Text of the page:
A team of astronomers, including two NASA Sagan Fellows, has made the first characterizations of a super-Earth's atmosphere, by using a ground-based telescope. A super-Earth is a planet up to three times the size of Earth and weighing up to 10 times as much. The findings, reported in the Dec. 2 issue of the journal Nature, are a significant milestone toward eventually being able to probe the atmospheres of Earth-like planets for signs of life.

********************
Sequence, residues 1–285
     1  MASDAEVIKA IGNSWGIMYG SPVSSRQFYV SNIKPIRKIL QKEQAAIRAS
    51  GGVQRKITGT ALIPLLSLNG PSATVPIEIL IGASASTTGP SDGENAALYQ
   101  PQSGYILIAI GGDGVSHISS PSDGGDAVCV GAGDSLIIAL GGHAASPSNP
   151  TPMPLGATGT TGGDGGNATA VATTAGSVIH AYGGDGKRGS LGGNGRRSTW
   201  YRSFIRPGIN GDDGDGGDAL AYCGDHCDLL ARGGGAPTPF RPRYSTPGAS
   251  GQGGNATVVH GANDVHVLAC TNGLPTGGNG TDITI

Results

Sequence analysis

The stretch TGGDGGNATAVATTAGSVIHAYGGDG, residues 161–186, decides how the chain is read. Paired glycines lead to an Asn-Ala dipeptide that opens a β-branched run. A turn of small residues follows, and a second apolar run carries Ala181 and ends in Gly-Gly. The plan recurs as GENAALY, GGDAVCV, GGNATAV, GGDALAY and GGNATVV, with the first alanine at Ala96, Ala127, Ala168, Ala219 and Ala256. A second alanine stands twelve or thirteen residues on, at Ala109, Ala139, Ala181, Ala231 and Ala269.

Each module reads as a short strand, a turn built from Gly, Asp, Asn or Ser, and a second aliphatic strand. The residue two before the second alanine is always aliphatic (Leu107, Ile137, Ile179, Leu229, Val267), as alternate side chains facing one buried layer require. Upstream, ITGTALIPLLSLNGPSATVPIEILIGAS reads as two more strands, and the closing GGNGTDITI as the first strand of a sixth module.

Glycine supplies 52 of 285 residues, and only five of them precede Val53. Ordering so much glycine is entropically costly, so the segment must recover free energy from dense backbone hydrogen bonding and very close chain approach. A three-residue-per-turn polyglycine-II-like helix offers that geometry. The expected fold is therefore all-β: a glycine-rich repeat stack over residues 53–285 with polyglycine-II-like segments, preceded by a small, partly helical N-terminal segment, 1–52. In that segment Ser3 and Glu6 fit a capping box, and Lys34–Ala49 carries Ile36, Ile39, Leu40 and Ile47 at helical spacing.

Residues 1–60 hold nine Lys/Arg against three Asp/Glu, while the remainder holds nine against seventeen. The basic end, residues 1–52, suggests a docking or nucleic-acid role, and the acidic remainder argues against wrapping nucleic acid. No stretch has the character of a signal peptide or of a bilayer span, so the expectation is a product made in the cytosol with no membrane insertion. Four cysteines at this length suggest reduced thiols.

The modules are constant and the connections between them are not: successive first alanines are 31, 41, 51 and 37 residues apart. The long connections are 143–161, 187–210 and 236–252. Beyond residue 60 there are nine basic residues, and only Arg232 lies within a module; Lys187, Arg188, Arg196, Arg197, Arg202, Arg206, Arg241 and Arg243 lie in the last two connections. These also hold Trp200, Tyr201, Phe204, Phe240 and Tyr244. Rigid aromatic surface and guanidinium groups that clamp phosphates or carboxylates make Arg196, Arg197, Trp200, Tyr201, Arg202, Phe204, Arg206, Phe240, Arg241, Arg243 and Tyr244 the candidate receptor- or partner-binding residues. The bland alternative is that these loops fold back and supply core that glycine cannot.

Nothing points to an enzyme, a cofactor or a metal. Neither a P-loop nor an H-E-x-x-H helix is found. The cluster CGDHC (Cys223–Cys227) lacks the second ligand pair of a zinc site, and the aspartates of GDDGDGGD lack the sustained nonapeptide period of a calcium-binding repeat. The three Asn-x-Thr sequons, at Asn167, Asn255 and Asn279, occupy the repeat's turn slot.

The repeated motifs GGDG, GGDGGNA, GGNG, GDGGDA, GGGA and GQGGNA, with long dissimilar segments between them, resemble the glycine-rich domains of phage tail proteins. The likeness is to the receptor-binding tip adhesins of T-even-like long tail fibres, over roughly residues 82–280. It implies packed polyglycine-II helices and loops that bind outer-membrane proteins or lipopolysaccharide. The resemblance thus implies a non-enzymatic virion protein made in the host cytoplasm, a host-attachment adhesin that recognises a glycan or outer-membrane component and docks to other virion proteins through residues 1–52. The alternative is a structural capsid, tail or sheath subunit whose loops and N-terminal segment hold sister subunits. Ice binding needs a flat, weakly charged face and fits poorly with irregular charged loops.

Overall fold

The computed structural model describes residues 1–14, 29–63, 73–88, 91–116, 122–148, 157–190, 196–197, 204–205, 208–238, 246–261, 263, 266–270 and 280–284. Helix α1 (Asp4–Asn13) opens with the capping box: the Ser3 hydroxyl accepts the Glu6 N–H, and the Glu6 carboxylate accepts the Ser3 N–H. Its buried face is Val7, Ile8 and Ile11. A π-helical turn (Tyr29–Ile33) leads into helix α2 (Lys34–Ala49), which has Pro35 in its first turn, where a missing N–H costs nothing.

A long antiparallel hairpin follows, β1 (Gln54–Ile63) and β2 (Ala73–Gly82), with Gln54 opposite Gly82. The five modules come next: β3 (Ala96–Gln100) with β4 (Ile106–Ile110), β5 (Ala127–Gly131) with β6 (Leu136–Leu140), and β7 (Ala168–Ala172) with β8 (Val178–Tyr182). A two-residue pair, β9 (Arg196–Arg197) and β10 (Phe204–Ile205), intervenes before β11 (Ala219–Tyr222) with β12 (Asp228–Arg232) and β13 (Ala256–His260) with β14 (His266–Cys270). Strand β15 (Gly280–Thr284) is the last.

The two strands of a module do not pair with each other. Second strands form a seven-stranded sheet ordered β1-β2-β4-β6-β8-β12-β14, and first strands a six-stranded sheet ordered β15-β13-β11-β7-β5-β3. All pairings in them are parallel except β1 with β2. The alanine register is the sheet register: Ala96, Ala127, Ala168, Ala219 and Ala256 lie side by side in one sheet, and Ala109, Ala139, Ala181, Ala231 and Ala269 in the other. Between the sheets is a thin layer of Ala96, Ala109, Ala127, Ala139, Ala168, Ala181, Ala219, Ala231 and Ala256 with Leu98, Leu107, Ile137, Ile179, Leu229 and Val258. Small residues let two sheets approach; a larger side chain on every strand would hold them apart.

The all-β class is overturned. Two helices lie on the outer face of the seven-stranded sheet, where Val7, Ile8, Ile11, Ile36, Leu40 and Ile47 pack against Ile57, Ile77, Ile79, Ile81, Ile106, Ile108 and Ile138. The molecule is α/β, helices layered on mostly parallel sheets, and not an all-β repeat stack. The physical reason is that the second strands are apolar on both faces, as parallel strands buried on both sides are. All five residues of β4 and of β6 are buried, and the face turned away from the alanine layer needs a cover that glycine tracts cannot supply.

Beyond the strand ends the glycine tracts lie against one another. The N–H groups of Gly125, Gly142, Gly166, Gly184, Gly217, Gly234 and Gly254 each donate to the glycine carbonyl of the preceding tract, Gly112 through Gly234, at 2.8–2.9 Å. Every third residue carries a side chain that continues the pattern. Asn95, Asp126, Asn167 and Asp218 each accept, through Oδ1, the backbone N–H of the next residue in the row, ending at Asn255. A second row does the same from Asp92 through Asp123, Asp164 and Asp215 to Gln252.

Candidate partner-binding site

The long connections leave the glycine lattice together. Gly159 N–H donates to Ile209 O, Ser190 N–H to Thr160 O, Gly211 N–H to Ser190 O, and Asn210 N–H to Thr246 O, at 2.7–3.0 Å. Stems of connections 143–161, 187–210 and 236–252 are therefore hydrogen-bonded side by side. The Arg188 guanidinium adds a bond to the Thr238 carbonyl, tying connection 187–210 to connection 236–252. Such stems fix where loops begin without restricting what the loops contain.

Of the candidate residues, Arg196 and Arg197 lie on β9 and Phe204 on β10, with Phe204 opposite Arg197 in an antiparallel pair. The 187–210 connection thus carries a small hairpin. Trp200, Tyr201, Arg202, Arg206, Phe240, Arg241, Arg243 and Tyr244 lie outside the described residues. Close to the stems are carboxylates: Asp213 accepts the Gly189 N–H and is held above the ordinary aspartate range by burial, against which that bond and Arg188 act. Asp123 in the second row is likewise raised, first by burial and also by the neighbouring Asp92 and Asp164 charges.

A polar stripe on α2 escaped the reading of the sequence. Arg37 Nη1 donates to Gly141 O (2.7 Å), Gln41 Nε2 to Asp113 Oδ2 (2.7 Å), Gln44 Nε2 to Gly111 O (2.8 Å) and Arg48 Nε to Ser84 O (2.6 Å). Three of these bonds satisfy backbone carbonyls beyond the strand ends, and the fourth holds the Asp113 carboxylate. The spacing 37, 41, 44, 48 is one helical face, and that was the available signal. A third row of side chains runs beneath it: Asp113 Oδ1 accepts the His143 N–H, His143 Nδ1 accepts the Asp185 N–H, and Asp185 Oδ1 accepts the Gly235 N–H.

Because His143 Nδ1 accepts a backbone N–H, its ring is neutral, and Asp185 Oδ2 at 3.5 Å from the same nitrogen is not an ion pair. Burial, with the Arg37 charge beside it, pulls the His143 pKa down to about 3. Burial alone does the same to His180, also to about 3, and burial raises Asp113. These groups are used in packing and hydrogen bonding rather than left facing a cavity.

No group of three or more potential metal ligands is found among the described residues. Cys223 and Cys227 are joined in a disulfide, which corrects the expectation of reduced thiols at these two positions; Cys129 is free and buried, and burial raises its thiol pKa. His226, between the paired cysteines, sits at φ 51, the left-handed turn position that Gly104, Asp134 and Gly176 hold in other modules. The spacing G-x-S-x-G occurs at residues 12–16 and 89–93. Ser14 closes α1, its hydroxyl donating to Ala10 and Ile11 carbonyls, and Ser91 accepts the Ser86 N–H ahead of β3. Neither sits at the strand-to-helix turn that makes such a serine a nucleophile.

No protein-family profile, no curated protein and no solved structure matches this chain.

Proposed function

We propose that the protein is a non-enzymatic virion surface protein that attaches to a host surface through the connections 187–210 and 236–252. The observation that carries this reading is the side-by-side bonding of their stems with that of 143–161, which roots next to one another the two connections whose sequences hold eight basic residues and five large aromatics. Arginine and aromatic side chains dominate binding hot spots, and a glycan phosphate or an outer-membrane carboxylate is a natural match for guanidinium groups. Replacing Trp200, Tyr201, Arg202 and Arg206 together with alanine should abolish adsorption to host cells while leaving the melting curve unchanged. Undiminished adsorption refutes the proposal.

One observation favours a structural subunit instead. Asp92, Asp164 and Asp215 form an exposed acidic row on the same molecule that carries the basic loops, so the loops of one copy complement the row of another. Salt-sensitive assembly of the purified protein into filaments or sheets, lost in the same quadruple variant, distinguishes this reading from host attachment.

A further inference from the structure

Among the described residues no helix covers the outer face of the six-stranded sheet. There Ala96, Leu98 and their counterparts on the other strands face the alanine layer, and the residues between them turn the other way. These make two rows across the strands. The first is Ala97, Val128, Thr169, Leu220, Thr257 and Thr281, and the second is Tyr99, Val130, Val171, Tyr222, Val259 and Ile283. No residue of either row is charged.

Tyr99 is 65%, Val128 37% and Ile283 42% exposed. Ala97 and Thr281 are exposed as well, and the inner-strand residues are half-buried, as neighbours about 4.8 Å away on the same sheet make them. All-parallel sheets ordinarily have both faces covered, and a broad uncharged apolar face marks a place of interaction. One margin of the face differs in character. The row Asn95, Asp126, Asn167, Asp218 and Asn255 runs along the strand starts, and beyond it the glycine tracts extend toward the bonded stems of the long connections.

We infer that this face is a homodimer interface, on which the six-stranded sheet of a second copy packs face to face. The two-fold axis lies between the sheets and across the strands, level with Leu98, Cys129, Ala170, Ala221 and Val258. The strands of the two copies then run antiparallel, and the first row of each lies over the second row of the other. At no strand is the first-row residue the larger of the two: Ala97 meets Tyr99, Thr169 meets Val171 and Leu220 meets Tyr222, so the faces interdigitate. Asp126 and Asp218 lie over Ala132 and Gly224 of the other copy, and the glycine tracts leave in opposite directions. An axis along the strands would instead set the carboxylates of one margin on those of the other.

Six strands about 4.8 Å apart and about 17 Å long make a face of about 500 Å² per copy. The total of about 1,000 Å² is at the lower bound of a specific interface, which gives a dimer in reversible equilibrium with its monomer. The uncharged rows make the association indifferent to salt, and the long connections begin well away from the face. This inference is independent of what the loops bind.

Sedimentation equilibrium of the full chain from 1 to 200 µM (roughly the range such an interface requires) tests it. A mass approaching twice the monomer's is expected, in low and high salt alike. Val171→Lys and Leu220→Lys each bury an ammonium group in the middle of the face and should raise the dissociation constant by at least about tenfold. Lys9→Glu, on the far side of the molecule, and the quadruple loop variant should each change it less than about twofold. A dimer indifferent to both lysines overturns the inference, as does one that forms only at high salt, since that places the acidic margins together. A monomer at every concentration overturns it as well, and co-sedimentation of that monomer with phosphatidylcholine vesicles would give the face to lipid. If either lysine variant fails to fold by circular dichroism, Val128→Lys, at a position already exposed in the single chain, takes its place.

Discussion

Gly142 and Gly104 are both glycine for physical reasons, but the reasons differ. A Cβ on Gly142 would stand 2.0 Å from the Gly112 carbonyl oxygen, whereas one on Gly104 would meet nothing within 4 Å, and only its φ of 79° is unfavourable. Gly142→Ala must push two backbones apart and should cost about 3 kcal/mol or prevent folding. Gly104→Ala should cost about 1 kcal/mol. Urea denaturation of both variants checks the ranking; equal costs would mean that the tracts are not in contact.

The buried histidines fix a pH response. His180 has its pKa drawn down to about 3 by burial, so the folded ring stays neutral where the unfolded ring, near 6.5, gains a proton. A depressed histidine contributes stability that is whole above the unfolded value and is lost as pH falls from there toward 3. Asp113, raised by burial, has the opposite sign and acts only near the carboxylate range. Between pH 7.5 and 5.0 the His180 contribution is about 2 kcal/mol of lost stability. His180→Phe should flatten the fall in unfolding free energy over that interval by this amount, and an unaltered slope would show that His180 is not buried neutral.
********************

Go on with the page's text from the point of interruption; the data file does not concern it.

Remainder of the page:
The team determined the planet, GJ 1214b, is either blanketed with a thin layer of water steam or surrounded by a thick layer of high clouds. If the former, the planet itself would have an icy composition. If the latter, the planet would be rocky or similar to the composition of Neptune, though much smaller.
"This is the first super-Earth known to have an atmosphere," said Jacob Bean, a NASA Sagan Fellow and astronomer at the Harvard-Smithsonian Center for Astrophysics in Cambridge, Mass. "But even with these new measurements, we can't say yet what that atmosphere is made of. This world is being very shy and veiling its true nature from us."